Searching and sorting is always one of the main thing to know and improve about. Like sorting, searching also get special attention from the computer scientists. Today we will learn about a special searching algorithm named Jump sort.
Jump Search
In the vast world of computation, jump search refsembles to a search algorithm for ordered lists. It functions by first checking all items at the edge of block item where m is the size of the block. When an item is found that is larger than the search key, then we do the linear size to find the exact location of the item. The optimal value of m is √n, where n is the length of the list L. Because both steps of the algorithm look at, at most, √n items the algorithm runs in O(√n) time. This number signifies its betterness than linear search and worse than binary search. The main merit over the binary search is that a jump search only needs to jump backwards once, while a binary can jump backwards up to log n times. This can be a key point if a jumping backwards takes significantly more time than jumping forward.
Algorithm
Below is the general algorithm for jump search implementation:
Input: sorted array A with n elements
Output: The index of searched item or 1
The steps for this mechanism are:

Set the starting index, i to 0 and step size,m to √n.

Make a comparison between A[i] with item. If A[i] != item and A[i] < item, then jump to the next block. Also, do the following:
Reset index, i = step size,m Increment step size, m by √n

Repeat the step 2 untill m comes to the end of given array.

If A[i] > item, then move to the beginning of the current block and perform a linear search.
Set start of linear search, x = i Compare A[x] with item. If A[x]== item, then print x as the valid location else increment x by 1

Continue this procedure untill x comes to the end of step block. and return 1 as not found
Implementation
Below is the ruby implementation of jump search
def jump_search array, item
n = array.size
i = 0
m = Math.sqrt n
while array[m] <= item && m < n do
i = m
m += Math.sqrt n
return 1 if m > n  1
end
start = i
while start < m do
return x if a[x] == item
start += 1
end
1
end
Complexity
We determine the time and space complexity in the following:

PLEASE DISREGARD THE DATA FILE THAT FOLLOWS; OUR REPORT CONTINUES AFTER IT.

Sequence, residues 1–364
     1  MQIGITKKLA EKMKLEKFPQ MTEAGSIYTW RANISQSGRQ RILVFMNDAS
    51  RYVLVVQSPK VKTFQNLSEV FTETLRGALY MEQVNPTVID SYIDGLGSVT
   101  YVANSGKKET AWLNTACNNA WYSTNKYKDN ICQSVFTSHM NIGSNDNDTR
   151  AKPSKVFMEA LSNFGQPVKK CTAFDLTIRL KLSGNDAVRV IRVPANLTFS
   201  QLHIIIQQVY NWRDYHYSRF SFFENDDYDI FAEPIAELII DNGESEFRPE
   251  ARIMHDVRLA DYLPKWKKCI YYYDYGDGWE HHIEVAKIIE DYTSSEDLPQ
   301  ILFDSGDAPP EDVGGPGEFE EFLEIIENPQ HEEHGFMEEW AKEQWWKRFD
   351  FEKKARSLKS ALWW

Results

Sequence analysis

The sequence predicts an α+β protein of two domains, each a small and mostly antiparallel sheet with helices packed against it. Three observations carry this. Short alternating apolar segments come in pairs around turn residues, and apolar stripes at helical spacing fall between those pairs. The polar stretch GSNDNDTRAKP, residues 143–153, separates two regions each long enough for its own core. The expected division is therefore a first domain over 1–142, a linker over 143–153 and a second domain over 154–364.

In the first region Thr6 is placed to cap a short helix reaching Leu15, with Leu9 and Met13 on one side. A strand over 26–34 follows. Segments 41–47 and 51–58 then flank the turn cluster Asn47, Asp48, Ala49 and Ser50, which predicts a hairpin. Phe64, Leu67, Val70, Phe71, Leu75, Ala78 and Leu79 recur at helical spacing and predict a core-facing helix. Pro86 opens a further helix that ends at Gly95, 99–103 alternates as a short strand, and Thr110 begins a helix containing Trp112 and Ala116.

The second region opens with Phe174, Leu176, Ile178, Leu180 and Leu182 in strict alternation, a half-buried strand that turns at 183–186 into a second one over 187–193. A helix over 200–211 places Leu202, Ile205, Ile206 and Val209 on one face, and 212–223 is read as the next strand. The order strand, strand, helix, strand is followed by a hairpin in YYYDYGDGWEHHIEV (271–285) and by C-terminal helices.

Time Complexity:
The while loop in the above code executes n/m
times as the loop counter increments by m times in every iteration. Since the optimal value of m= √n , thus, n/m=√n resulting in a time complexity of O(√n).
Space Complexity:
The space complexity of this algorithm is O(1) since it does not requireany other data structure for its implementation.
More Optimal Jump Search
Certainly the execution time of this algorithm is O(√n), There is an improvement section for this algorithm too. if we carefully see, once we know the interval where the value is we can optimize it by applying jump search again on that interval. For example let’s say the list length is 1,000. The jump interval should be: √1000=32. Since we can see closely, we can use jump search with a new step √32≈6. Every time we find the desired interval we can adopt the jump search algorithm with more smaller step. Finally the step will be 1. In that case the complexity of the algorithm does not stuck to O(√n). Now its complexity is more close to logarithmic value. The drawback of this approach is that the implementation of this approach is considered to be more difficult than the binary search, where the complexity is also O(log(n)).
Although it is not netter than binary search in terms of complexity and cannot work without sorted list, still i think it is good one to learn and apply in applicable space. So you can study more if you get some interest. Thank you
Reference: https://www.tutorialspoint.com/JumpSearch